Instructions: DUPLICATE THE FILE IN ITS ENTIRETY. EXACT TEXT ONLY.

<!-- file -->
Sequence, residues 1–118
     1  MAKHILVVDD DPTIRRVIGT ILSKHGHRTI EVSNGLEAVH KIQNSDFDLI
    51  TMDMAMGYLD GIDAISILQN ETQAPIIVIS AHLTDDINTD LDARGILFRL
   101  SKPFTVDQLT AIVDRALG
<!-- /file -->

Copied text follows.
Sequence, residues 1–118
     1  MAKHILVVDD DPTIRRVIGT ILSKHGHRTI EVSNGLEAVH KIQNSDFDLI
    51  TMDMAMGYLD GIDAISILQN ETQAPIIVIS AHLTDDINTD LDARGILFRL
   101  SKPFTVDQLT AIVDRALG